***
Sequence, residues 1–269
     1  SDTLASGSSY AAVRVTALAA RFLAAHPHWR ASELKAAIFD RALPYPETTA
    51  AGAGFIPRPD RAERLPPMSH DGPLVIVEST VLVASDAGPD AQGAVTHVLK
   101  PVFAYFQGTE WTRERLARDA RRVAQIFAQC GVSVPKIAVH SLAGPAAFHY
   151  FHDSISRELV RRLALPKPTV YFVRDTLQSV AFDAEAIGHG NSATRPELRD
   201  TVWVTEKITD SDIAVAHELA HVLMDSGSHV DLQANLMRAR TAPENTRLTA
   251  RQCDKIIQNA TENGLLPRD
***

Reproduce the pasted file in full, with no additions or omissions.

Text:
Sequence, residues 1–269
     1  SDTLASGSSY AAVRVTALAA RFLAAHPHWR ASELKAAIFD RALPYPETTA
    51  AGAGFIPRPD RAERLPPMSH DGPLVIVEST VLVASDAGPD AQGAVTHVLK
   101  PVFAYFQGTE WTRERLARDA RRVAQIFAQC GVSVPKIAVH SLAGPAAFHY
   151  FHDSISRELV RRLALPKPTV YFVRDTLQSV AFDAEAIGHG NSATRPELRD
   201  TVWVTEKITD SDIAVAHELA HVLMDSGSHV DLQANLMRAR TAPENTRLTA
   251  RQCDKIIQNA TENGLLPRD